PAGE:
A new law intended to make it harder for companies to misclassify workers as independent contractors rather than employees has been the source of much controversy and litigation – even though it doesn’t take place for another week.
Los Angeles employment lawyers know that while AB5 has a fair amount of detractors among mega-corporations like Uber (largely the kind of worker relationship model the law intended to target), small businesses that use freelance independent contractors are likely to be impacted too.
The designation of independent contractor has become a store point for lawmakers and labor advocates who argue many of these workers are doing jobs that should count them as employees, entitling them to certain valuable benefits like minimum wages, overtime, sick pay, workers’ compensation insurance if they’re hurt on the job or unemployment insurance if they’re suddenly laid off. Freedom from the responsibility of having to pay these expenses has proven an attractive prospect for many employers. But their designation isn’t the last say. It can be challenged – and increasingly is – since last year’s Dynamex decision by the California Supreme Court and now AB5, both of which strengthen worker protections and make it more difficult for companies to claim workers are independent contractors as opposed to employees. Continue Reading ›
A federal judge in California declined to compel ridesharing company Uber to reclassify its drivers as employees, rejecting plaintiffs’ claims that the alleged misclassification of workers adversely impacts the state of valuable tax dollars due to public assistance spending for low wage workers.
Plaintiffs filed the motion for injunction by asserting it would benefit the general public. In an 18-page ruling in Colopy v. Uber Technologies Inc., the U.S. District Court for the Northern District of California declined to treat the motion as a “public injunction,” finding the case’s primary plaintiff, is seeking a private injunction, not a public one. He noted the Ninth Circuit Court of Appeals tends to disfavor class-wide injunctions in such cases, particularly where no certification has been awarded to the class. Further, he pointed out that many of Uber’s drivers in California had signed arbitration agreements upon employment, meaning most of the drivers in question wouldn’t be entitled to such relief anyway.
Plaintiff employment attorney argued the technology firm impacts not only its own drivers but the industry as a whole, thus negatively affecting a large number of workers by depriving them of employment rights as spelled out in the state’s labor code. Defendant lawyers meanwhile argued an injunction wasn’t needed because drivers would still have the ability to obtain damages for statutory violations after the resolution of the case. A preliminary injunction that would force the company to switch up its entire business model should be considered “extraordinary,” they argued. Continue Reading ›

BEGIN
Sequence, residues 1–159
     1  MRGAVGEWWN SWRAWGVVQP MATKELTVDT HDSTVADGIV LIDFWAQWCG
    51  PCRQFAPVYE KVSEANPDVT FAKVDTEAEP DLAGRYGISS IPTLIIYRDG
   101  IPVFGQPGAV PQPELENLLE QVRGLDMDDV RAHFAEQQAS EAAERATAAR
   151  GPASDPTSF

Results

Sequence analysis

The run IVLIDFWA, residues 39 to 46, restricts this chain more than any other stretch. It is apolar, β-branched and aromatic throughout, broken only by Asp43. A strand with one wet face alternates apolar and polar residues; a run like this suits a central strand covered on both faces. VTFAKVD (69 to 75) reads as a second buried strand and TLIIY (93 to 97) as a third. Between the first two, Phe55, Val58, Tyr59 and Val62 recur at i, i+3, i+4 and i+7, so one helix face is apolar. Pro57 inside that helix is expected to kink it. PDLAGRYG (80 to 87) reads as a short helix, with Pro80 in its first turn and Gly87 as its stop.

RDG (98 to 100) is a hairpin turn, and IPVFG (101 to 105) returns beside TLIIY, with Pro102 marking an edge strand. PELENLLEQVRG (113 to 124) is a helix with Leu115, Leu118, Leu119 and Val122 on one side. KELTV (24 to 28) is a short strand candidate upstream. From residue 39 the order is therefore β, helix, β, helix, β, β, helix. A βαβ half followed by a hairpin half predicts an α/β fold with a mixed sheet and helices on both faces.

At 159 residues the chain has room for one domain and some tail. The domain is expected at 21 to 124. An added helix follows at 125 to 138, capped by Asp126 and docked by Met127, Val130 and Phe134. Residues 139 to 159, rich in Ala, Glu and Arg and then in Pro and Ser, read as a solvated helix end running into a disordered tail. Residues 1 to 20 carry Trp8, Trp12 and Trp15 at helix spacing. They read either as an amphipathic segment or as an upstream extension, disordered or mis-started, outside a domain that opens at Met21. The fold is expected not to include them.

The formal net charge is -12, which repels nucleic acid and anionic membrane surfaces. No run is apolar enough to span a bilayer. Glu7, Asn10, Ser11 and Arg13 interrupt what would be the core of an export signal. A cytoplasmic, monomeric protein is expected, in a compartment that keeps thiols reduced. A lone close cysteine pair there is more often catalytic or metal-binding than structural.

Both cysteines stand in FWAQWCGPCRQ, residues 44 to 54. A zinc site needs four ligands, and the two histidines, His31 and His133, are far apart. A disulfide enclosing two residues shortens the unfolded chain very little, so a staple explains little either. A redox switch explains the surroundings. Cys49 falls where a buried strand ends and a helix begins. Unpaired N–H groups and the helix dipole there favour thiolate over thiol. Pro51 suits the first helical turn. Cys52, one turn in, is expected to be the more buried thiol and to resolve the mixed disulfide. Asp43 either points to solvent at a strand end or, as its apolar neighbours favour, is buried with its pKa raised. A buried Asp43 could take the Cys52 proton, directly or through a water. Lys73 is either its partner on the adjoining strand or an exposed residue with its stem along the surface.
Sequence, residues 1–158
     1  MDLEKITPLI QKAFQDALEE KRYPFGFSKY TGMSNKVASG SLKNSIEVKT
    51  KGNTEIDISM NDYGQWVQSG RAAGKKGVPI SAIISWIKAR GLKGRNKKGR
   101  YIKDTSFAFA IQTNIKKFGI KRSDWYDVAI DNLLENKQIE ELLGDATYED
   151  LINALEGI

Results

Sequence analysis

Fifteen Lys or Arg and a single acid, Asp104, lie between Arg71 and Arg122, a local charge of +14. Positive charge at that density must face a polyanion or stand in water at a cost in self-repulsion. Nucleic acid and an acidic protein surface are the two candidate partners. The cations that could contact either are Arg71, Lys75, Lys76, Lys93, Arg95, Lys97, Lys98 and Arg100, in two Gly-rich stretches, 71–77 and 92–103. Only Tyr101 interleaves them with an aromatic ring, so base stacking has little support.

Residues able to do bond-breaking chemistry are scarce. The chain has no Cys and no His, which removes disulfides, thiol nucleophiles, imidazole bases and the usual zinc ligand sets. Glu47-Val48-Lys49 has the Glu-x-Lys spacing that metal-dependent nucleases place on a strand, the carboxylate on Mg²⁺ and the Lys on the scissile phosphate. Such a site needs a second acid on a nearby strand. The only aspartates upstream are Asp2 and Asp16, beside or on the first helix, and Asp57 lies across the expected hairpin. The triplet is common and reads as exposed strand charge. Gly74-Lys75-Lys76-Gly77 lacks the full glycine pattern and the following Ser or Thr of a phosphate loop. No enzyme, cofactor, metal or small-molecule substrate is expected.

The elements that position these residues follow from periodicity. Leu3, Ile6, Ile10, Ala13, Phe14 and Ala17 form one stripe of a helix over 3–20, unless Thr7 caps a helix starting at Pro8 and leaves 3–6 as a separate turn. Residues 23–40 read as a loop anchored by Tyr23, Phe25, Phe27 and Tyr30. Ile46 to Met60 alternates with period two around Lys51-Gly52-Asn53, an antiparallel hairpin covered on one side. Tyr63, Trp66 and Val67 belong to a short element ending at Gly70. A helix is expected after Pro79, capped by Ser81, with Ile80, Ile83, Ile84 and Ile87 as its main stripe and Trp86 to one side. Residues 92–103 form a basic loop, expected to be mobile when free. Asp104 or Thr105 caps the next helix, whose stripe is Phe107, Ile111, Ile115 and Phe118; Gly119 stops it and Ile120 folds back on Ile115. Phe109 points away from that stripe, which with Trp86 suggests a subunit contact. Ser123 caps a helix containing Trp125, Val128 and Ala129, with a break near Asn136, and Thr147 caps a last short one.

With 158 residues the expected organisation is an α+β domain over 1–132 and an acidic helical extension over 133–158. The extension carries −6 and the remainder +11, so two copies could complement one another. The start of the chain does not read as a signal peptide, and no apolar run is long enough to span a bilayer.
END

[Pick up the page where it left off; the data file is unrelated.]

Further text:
Independent contractors are entitled to far fewer rights under California employment law than employees or in some cases even job applicants. In filing an employment lawsuit against a company, one must establish they are an employee or prospective employee.
But as our Los Angeles employment attorneys know well, misclassification of employees as independent contractors is rampant. It’s often left to the court’s to decide.
Recently, a California appellate court ordered a new trial in the case of a worker who was technically a temp agency employee, but who took on a supervisory position for five years at the shoe care manufacturing company with which the temp agency contracted. Although the temp agency cut her checks, it was the manufacturer that had the direction and control of her day-to-day work. This, the court ruled, made her an employee for purposes of relief for alleged discrimination and wrongful termination under California’s Fair Employment and Housing Act.
Independent Contractor v. Employee
There is no set definition of the term “independent contractor,” which is why courts and enforcement agencies are often asked to consider the fact pattern of each case where employment status is a possible issue. The Division of Labor Standards Enforcement begins with the presumption that a worker is an employee, but it is one that can be rebutted by the employer. Continue Reading ›
Assembly Bill 5 had the overwhelming support of the state legislature, and the governor’s signature was widely anticipated, as his office had already voiced support for the measure.
Orange County employment lawyers know the goal is to reduce instances of worker misclassification, which is when employees are improperly designated as “independent contractors” rather than “employees,” which deprives them of a host of basic protections afforded to employees, such as:
- Minimum wage;
- Sick days;
- Health insurance benefits;
- Meal breaks;
- Rest breaks;
- Workers’ compensation insurance.
Rideshare companies may compete fiercely on the road, but when it comes to classifying drivers as employees, they are rock-solid united. The CEOs of Uber and Lyft penned an opinion-editorial in the San Francisco Chronicle voicing opposition to a new California law that would re-designate their drivers from independent contractors to employees – with all the actual legal benefits and bargaining rights that entails.
The company has long been extremely reticent to classify these workers as “employees,” arguing their business model is unique in that it merely connects riders to customers, and is not a traditional “transportation company.” It owns no vehicles, drivers have no direct supervision and drivers are free to set their own hours, types of vehicles/services. The company does, however, insure drivers and provides a host of standards and criteria workers are required to meet.
However, Assembly Bill 5 – a broad piece of legislation that will become law if it gains the vote of the state senate as well as Gov. Gavin Newsom’s signature – would expand the definition of “independent contractor” to more closely match that which was outlined in last year’s California Supreme Court decision in Dynamex Operations West Inc. v. Los Angeles Superior Court. Continue Reading ›